Following the 2016 election, nearly 200 Feinberg students and faculty laid down their white coats in a symbolic gesture, protesting the proposed repeal of the Affordable Care Act (ACA). Jordan Rook, a co-organizer of the event and now a fourth-year student, was struck by his classmates’ willingness to protest policy they perceived as harmful.
In the weeks that followed the protest, he asked himself: “How do we show that medical students believe advocating for health policy is our responsibility?”
With the help of students and faculty at Feinberg and beyond, Rook conducted a large survey on medical students’ policy beliefs, receiving responses from more than 1,600 students across the country. The results of his study were published in the journal Academic Medicine, and Rook believes the trends revealed could inform both medical educators and policymakers alike.
Read a Q&A with Rook below.
Why did you choose Feinberg?
I chose Feinberg because I wanted to live in a city with diversity, history and culture. The past four years have confirmed that I made the right decision. I am beyond lucky to have had the opportunity to explore the restaurants, museums and neighborhoods that Chicago has to offer. Additionally, the quality of students and faculty at Northwestern has pushed me to be a better student, physician and servant leader.
Why were you interested in measuring students’ political engagement?
Healthcare is a human right. Throughout much of the developed world, this is a fact. Unfortunately, in the United States, access to healthcare — especially high-quality healthcare — is a privilege of which many are deprived. I believe that no person should suffer or die because of where they were born, what they have, or who they are. Even as medical students, we see early and often how the uninsured and underinsured suffer in our current medical system. They often present in advanced disease states and with illnesses we can no longer manage or cure.
In the weeks that followed our protest, I couldn’t help but ask, “How do we continue to show the world that we are not outliers, and that medical students support the ACA?”
Our project was born from this question. With the help of fellow Northwestern medical students Jacob Pierce and Antoinette Oot, a team of students and faculty at six other medical schools, and the guidance and mentorship of Dr. Bruce Henschen and Dr. Tyler Winkelman at Hennepin County Medical Center in Minneapolis, MN, we conducted the largest study of medical student opinions regarding the ACA and professional responsibility since the 2016 election. In total, 1,660 medical students from seven medical schools across the country responded to our survey.
What did you find?
We had three major takeaways from this study.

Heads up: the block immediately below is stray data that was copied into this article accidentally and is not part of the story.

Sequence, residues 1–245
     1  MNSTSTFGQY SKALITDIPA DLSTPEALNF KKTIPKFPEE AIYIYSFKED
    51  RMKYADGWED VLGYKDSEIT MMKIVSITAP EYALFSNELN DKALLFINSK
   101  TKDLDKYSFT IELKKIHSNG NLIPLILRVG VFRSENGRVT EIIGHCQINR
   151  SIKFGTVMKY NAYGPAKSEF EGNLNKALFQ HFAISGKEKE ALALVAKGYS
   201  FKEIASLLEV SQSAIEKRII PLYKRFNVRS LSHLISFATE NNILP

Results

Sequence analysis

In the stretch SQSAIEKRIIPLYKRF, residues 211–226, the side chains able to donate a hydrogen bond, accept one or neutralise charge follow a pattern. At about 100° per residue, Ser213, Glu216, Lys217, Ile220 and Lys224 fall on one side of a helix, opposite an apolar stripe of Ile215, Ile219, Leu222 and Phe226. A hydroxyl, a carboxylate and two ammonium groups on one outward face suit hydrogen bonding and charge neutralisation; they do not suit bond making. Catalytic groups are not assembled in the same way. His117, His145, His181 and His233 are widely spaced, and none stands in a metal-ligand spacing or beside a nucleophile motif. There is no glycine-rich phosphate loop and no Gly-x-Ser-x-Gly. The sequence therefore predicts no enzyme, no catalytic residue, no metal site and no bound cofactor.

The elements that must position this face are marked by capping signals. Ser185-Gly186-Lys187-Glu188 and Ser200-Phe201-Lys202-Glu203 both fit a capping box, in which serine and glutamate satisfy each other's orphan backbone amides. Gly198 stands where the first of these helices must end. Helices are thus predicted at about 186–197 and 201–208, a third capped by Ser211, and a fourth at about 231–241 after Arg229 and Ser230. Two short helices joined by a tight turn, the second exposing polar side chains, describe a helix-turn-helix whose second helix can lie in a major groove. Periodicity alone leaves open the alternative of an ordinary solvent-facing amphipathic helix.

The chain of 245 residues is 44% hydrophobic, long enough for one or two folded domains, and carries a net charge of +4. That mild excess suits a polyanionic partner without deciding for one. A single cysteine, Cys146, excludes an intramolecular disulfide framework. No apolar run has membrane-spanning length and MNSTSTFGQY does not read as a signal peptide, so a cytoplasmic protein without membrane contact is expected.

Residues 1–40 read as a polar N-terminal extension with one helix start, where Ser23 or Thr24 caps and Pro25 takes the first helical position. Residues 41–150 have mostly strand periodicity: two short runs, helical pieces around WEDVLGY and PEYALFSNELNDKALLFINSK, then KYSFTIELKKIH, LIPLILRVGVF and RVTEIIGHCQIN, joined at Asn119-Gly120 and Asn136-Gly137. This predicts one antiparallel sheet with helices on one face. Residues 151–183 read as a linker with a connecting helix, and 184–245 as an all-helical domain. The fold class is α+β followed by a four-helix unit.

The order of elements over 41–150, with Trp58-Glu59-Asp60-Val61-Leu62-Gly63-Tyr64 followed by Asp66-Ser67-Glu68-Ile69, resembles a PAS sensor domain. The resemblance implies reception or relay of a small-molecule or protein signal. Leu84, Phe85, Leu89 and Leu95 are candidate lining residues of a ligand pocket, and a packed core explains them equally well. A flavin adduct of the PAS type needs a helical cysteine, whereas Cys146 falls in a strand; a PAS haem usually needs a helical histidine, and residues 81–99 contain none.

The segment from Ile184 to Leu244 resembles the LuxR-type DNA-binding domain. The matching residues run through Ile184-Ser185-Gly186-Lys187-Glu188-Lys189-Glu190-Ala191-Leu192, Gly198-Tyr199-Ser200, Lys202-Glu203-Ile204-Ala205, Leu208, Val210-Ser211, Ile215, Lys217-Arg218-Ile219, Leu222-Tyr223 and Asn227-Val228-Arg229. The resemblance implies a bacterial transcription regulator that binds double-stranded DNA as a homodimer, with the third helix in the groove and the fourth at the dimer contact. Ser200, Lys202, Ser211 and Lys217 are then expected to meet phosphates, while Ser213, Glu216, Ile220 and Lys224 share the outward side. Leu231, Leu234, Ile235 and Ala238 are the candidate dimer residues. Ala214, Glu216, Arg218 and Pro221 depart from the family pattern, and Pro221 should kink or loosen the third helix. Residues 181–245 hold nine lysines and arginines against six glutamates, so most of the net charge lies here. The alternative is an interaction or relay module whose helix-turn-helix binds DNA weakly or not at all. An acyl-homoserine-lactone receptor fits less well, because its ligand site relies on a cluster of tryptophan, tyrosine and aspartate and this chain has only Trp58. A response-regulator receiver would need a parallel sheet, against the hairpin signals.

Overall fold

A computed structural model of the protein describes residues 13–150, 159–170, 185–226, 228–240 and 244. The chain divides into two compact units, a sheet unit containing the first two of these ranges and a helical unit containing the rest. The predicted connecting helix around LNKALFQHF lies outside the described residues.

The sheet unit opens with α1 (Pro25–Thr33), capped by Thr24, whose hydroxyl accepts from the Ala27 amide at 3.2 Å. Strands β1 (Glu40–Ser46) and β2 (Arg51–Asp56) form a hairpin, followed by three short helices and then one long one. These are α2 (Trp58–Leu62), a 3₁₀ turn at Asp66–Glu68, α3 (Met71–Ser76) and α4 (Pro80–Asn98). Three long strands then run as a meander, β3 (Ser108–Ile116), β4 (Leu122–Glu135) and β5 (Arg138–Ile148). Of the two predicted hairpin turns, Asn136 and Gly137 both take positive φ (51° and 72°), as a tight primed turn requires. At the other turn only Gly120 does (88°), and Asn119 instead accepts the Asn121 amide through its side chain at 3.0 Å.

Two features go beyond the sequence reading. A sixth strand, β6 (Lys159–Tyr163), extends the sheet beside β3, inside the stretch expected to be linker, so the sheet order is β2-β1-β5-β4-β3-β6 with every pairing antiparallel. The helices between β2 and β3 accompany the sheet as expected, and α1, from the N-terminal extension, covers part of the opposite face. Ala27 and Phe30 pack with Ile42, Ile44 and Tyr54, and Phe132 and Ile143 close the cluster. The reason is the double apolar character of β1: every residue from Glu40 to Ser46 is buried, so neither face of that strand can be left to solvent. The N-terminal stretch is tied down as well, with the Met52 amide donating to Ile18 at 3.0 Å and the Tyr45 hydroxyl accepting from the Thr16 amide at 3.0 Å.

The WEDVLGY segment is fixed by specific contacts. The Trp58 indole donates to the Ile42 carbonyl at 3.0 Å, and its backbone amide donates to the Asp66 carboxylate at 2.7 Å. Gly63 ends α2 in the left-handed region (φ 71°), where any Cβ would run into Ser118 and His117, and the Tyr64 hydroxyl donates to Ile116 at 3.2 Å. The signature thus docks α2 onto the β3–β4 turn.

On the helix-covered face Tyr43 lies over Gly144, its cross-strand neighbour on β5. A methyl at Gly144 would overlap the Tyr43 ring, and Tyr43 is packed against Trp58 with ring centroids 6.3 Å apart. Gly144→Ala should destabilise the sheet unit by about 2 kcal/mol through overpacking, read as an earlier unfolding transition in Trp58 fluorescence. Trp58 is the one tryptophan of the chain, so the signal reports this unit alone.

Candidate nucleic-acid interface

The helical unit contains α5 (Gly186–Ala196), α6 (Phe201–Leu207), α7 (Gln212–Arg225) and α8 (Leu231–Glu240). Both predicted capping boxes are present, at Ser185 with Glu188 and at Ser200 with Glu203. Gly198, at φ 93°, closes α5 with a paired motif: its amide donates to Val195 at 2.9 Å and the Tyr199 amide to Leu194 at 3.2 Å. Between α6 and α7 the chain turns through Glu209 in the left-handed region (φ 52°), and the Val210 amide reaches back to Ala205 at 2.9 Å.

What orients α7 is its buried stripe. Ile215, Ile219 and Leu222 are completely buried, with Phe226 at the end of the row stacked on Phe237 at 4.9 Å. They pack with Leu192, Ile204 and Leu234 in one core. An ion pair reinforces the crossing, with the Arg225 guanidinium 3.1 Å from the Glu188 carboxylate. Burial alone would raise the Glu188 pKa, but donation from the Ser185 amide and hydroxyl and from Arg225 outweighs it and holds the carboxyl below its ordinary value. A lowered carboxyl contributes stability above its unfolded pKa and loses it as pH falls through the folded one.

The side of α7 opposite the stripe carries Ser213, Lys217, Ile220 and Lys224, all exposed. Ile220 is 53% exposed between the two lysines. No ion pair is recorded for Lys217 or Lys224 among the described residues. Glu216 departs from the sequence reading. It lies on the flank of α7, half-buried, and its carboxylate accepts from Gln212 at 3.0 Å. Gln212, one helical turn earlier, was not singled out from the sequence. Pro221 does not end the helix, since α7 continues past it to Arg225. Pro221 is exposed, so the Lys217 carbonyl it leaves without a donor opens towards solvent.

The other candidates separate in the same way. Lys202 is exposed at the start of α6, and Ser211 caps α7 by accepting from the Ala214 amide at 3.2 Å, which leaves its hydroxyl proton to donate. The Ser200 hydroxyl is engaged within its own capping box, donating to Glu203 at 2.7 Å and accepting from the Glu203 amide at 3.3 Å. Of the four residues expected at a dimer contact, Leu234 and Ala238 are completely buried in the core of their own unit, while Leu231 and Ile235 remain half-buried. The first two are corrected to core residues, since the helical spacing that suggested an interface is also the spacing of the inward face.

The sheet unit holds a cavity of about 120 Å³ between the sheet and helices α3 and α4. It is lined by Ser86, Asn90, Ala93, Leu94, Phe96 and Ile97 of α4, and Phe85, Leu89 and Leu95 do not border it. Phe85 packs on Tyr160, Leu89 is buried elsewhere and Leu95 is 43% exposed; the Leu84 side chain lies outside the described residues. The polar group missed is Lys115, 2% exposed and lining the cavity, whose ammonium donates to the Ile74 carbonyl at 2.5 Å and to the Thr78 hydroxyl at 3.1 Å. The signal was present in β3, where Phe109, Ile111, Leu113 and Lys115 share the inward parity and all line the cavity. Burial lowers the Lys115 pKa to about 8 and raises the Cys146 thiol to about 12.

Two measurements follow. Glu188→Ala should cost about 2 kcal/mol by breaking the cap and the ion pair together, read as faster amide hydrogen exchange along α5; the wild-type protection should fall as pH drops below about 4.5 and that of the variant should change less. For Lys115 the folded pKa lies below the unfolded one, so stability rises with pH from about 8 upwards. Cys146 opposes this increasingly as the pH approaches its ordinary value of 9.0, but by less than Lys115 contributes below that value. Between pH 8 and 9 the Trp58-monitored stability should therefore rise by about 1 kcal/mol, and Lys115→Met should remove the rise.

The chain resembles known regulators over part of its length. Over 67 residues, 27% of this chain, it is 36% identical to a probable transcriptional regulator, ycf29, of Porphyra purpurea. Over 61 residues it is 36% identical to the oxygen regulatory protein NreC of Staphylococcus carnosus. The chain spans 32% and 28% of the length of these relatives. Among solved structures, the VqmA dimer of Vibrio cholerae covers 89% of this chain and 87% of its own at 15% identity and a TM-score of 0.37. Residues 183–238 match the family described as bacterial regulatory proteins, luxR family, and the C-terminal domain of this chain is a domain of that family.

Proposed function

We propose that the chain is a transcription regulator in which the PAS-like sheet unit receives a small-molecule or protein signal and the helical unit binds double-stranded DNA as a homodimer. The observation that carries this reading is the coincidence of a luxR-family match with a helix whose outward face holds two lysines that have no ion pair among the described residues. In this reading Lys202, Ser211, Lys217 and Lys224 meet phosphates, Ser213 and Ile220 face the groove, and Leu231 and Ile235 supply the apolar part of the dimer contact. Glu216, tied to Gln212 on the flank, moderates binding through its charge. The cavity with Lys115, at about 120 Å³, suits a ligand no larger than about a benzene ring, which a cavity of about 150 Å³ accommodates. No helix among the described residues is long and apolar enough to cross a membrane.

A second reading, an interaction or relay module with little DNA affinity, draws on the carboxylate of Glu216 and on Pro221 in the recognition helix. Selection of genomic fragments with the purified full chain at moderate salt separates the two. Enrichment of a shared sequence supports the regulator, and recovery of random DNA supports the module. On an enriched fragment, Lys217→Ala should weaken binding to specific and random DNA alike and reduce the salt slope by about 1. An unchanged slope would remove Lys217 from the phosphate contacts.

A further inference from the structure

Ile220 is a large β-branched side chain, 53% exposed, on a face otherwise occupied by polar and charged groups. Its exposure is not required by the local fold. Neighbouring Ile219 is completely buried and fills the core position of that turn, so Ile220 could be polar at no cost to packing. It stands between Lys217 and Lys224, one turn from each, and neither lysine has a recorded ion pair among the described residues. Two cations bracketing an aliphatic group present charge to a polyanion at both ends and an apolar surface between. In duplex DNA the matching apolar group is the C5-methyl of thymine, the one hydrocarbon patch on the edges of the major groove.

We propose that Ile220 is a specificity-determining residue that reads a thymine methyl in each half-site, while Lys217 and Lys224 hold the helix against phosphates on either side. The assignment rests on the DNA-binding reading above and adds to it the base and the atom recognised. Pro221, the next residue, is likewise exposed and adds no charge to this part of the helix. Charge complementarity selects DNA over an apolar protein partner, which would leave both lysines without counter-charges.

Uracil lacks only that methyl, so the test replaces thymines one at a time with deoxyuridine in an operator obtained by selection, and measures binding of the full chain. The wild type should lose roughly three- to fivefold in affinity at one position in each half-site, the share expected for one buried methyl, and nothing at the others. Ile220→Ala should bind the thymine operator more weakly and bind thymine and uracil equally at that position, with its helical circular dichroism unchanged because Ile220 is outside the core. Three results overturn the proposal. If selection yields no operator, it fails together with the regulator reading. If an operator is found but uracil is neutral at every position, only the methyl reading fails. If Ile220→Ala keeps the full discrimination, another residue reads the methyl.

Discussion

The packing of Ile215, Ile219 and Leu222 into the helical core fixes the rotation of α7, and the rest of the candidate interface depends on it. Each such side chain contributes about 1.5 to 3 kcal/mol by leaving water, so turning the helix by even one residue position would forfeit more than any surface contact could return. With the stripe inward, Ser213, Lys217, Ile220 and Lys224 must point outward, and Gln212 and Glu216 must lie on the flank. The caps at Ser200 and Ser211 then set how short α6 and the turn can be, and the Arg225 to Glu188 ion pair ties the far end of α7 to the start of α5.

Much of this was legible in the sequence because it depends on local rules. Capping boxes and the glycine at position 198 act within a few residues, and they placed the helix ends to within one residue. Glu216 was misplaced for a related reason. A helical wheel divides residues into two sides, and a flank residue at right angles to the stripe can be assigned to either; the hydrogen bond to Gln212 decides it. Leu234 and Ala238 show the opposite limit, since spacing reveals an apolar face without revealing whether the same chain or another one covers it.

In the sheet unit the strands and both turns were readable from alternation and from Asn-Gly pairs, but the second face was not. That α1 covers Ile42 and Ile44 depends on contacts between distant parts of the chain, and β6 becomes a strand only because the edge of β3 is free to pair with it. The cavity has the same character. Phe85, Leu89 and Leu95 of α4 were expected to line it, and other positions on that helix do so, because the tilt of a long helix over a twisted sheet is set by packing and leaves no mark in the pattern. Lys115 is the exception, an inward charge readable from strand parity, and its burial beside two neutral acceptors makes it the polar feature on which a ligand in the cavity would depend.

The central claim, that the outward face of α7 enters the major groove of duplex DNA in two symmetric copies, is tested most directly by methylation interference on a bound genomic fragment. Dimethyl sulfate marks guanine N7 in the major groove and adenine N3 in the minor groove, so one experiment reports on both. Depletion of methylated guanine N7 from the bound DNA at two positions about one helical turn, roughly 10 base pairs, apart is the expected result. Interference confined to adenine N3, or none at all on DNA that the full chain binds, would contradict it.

First, students support the ACA and its individual components. Overall, nine in ten students stated they support the ACA, eight in ten support the individual mandate, and only one in ten believe the ACA will negatively affect their career in medicine. This level of support is significantly higher than previous generations of medical students and may reflect a growing familiarity and understanding of the health law. Students who demonstrated better knowledge of the ACA were more likely to support the health law, irrespective of political belief.
Second, medical students want an active and vocal role in the formation of health policy. In total, nearly nine in ten students indicated that addressing health policy is a professional responsibility.
Third, physician demographics are changing. Overall, 78 percent of students identified as liberal. This is 20 percentage points higher than in 2014 and nearly 40 percentage points higher than in 2003. We believe this is due to an evolving physician workforce. Demographics associated with conservative political ideology in physicians, namely male sex and private practice, are shrinking in modern medicine. Women now represent more than half of matriculants to medical school compared to one-third in 1980.
We believe this study has important implications for educators. Our findings suggest that academic institutions should expand evidence-based decision-making curricula to the evaluation of healthcare policy. Knowledge impacts support, and it is imperative students are provided with the tools to identify policies that improve care and reduce the burden of healthcare costs. Additionally, institutions should provide formal advocacy training to teach students the tools to advocate for health policy, especially given that nine in ten students believe this to be a component of their practice of medicine.
For legislators, our takeaway points are more concise. First, young physicians will likely support policies that expand access to healthcare. Second, they’ll be hearing from us!
What did you learn in the process of designing, carrying out and publishing this study?
I learned how much fun research can be if you work with passionate and inspiring people. This project was one big team effort, from project design to manuscript writing. I cannot give enough credit to our collaborators at each of the medical schools, my classmates here at Northwestern and my mentors. While the goal of research is to improve the world in which we live, it is a pleasant side effect that it improves us as investigators and physicians. My collaborators make me a better person, and I’m lucky to have them as lifelong friends!
What advice would you give to prospective medical students?
We do this for our patients! Make sure to always remember the reason you’re studying late at night or waking up in the wee hours of the morning. We’re beyond lucky to get to share with our patients the scariest (and sometimes most joyous) moments of their lives.